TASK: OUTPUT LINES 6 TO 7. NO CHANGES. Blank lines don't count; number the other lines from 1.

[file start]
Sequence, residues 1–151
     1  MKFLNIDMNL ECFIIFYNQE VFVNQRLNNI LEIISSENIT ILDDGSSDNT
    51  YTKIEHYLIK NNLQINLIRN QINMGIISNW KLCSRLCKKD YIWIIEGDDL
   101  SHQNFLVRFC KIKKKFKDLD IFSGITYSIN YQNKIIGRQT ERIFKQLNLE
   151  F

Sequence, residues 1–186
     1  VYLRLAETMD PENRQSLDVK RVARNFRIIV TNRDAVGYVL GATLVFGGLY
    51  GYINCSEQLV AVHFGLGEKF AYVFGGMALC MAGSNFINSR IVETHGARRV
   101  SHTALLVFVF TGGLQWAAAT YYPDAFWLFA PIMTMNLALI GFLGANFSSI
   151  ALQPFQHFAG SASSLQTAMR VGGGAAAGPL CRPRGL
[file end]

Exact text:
Sequence, residues 1–186
     1  VYLRLAETMD PENRQSLDVK RVARNFRIIV TNRDAVGYVL GATLVFGGLY